Washington County residents have one of the most unique and interesting histories in the United States. It starts with the original indigenous residents, the Kalapuya, or as they called themselves, the “people of the bright shining water” because they lived next to a river.
Explorers, trappers and traders, and pioneers from the late 18th through the mid-19th century added their own color to the tapestry of life in the rapidly changing region. American farmers quickly identified the agricultural potential of the area and were quick to stake their claims on some of the richest land available anywhere in the United States.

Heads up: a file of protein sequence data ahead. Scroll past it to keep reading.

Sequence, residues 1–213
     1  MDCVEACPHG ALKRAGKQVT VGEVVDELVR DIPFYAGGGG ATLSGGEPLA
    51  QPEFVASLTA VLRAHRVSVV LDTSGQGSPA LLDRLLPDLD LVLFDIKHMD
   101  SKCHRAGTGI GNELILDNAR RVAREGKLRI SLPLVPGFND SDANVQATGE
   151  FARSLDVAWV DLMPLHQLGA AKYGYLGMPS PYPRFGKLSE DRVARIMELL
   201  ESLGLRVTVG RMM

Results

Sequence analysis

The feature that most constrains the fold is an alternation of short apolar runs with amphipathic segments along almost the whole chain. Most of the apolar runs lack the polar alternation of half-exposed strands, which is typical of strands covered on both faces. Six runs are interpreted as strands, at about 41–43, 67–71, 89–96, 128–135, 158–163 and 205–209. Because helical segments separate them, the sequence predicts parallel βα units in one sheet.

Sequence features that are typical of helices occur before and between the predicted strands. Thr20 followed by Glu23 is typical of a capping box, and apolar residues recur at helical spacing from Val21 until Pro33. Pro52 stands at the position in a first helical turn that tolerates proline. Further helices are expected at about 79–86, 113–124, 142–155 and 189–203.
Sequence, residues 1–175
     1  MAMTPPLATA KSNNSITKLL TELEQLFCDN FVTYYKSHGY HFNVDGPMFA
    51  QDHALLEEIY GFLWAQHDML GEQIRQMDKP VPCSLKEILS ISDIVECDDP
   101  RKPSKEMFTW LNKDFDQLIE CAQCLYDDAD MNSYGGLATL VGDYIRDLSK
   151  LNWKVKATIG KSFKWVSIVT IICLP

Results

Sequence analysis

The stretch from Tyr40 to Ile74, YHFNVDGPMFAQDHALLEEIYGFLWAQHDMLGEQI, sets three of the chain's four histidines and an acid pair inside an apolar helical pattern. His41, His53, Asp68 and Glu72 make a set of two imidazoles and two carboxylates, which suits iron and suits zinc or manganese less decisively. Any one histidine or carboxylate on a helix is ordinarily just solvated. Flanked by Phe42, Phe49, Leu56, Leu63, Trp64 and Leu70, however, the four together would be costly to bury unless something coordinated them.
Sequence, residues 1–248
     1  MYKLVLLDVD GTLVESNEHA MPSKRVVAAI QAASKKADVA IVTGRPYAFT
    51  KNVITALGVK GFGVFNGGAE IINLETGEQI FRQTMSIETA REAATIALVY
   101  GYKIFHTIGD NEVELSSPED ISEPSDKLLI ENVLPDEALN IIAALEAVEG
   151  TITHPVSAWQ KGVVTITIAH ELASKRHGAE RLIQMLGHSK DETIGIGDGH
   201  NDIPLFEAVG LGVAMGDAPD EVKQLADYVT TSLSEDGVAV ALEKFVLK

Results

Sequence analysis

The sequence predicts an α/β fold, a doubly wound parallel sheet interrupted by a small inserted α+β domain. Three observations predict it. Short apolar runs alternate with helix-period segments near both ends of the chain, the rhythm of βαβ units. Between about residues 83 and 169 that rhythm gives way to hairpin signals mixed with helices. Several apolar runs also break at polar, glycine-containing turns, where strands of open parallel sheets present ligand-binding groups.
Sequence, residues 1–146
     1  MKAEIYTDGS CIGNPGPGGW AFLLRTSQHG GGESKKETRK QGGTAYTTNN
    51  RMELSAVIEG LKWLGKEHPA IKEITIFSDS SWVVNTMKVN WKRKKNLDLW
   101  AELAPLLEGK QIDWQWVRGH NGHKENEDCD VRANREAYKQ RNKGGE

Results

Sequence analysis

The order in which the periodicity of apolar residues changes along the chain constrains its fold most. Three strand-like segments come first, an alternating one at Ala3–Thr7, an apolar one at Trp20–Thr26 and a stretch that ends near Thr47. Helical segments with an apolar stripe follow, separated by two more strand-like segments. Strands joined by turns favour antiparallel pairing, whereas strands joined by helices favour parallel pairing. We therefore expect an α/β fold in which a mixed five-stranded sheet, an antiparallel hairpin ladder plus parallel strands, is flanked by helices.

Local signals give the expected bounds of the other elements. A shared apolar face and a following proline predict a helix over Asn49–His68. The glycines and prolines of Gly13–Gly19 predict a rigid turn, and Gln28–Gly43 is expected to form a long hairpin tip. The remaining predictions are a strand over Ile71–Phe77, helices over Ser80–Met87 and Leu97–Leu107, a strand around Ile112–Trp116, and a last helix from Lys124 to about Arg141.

Forestry has played a key role in Washington County for more than 150 years. More recent industries have included high technology.
Each new development has attracted a new and interesting population, often from other countries with distinct cultures and customs, which has in turn created both a deep and broad culture of many different ethnicities and histories.
The goal of the Museum is to make this history and culture broadly available to visitors and residents alike.